To try it, first log out of the docker container, if you are still logged, in by typing ctrl-d. This will also stop the container. Edit the Dockerfile and uncomment the last 5 lines, replacing <osmc ip address>, <smb user> and <smb password> as necessary. Re-run the docker build and docker run commands from above. Then, at the container prompt, mount the share:
root@747fbdb287ca:/# mount /Recordings root@747fbdb287ca:/# df /Recordings Filesystem 1K-blocks Used Available Use% Mounted on //192.168.7.28/Recordings 499594916 247341468 252253448 50% /Recordings root@747fbdb287ca:/# cd /Recordings/Minder root@747fbdb287ca:/Recordings/Minder# ls Minder.2020-04-14.01-35.ts Minder.2020-04-14.15-40.ts Minder.2020-04-15.15-40.ts root@747fbdb287ca:/Recordings/Minder# comskip Minder.2020-04-14.15-40.ts ... and so on.
Exit the Container
When you are finished messing around in the Docker container, type exit or press ctrl-d.
root@747fbdb287ca:/# exit $
You are returned to the Pi command prompt. To run the container again, just repeat the docker run command above. Incidentally, the “–cap add” flags in that command are needed only so that the mount command works within the container.
Docker has different benefits in different situations. Here, it enabled us to get comskip up and running on our Pi, without splattering new libraries and modules all over the system. sudo, cifs-utils and comskip (as named under ENV PACKAGES) were installed within the Docker image, not into the Pi’s system folders. Out host system thus remains “clean” and unchanged.
When the Docker container exits, any files we created on the fly are lost, including files created by comskip. Storage is ephemeral. One solution is to use Docker storage volumes. Another is to mount a remote data area directly into the container, which is what we did above.
The following bug affects only the Buster release of RaspiOS, which was superceded by Bullseye in August 2021. However it remains here, as a reference.
libseccomp2 Bug (December 2020)
If the docker build resulted in errors like “Err:1 http://ports.ubuntu.com/ubuntu-ports focal InRelease. At least one invalid signature was encountered.“, it will most likely be due to a known bug in libseccom2. The bug has been fixed but the fix has not yet made its way into the stable Debian repositories. If you get this error, you can forcibly update libseccomp2 from the unstable repos. (at your own risk – they are called “unstable”, after all. I recommend proceeding only on a system that can be rebuilt and isn’t performing a critical function for you).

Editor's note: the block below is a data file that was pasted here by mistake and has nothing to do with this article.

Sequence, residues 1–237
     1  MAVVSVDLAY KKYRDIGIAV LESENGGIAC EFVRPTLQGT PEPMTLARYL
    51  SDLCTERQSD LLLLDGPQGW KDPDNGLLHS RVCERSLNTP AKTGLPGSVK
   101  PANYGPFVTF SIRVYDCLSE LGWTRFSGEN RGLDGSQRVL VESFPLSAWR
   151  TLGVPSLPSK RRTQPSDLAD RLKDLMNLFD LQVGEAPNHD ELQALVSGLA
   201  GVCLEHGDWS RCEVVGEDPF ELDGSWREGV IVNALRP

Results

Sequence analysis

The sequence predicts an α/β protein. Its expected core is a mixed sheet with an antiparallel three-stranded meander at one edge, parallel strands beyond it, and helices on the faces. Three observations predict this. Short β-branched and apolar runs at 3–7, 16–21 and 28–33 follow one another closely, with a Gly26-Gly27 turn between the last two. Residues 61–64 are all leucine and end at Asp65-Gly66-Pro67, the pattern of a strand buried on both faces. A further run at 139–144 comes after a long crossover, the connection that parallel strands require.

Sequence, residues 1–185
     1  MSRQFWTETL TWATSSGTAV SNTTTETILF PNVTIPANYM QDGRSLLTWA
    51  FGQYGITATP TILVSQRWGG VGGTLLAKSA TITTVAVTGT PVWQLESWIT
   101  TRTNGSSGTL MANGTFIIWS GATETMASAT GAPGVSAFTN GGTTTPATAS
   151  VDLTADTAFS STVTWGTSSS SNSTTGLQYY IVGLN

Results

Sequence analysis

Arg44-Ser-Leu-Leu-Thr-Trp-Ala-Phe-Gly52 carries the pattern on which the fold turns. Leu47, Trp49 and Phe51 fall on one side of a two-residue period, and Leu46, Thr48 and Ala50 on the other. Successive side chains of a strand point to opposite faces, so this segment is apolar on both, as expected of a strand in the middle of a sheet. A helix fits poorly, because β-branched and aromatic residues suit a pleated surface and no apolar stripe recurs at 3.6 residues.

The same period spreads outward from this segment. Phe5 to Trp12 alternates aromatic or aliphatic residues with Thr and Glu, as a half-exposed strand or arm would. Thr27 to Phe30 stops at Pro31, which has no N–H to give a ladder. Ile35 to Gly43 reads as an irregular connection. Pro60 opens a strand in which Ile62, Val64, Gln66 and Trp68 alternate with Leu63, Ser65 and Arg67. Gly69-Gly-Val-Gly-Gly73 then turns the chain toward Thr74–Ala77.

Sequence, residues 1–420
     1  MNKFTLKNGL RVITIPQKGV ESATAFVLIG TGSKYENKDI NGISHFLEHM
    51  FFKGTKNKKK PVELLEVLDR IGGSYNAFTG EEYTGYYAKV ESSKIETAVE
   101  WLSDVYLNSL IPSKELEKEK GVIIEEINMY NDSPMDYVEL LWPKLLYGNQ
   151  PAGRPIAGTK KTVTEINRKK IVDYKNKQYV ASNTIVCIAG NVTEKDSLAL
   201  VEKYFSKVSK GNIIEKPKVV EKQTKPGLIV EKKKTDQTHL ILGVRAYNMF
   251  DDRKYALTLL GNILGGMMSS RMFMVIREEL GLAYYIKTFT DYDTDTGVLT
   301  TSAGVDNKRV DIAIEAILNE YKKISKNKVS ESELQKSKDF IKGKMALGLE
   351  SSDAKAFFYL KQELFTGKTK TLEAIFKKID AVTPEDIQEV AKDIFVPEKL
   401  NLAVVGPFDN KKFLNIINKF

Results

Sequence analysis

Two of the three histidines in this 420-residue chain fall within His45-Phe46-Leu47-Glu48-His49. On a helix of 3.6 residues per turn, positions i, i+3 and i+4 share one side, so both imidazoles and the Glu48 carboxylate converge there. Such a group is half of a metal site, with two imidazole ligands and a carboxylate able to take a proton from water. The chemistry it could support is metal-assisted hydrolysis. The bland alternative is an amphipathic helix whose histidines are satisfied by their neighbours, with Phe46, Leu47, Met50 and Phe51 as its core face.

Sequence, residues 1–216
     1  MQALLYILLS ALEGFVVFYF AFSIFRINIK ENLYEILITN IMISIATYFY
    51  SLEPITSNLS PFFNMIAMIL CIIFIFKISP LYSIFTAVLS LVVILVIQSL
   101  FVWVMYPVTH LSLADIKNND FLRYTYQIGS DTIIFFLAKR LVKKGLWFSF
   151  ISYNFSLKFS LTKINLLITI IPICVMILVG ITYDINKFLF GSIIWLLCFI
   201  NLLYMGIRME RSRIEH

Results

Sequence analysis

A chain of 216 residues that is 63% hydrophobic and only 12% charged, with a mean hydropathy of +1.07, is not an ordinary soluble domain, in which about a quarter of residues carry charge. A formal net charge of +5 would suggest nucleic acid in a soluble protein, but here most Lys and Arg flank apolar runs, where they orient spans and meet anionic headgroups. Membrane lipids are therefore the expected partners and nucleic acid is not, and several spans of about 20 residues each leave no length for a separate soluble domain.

Check your current version of libseccomp2. I encountered the error with version 2.3.3-4:
# dpkg --list | grep libseccomp
ii libseccomp2:armhf 2.3.3-4 armhf high level interface to Linux seccomp filter
Download the latest version from the Debian Sid. You will need to choose the right architecture for your device and also check your installed libc version is high enough (compare the output of “dpkg -l libc6” on your system with the libc notes on the aforementioned page). I am using a Raspberry Pi 4, so the architecture is “armf” (as it is for the Pi 2 and Pi 3). I downloaded libseccomp2 version 5.2.0-3 from the armf page, using “wget” and choosing a mirror located here in the UK. Alternatively, you could download with a browser.
Note this URL is likely to change and might no longer work when you are reading this.
# wget http://ftp.uk.debian.org/debian/pool/main/libs/libseccomp/libseccomp2_2.5.0-3+b1_armhf.deb
Install the package:
# dpkg -i libseccomp2_2.5.0-3+b1_armhf.deb
Check the new version:
# dpkg -l | grep libseccomp ii libseccomp2:armhf 2.5.0-3+b1 armhf high level interface to Linux seccomp filter
If you return to the main procedure, the docker build command should now work
Thanks to Igor Velkov for posting this solution on AskUbuntu.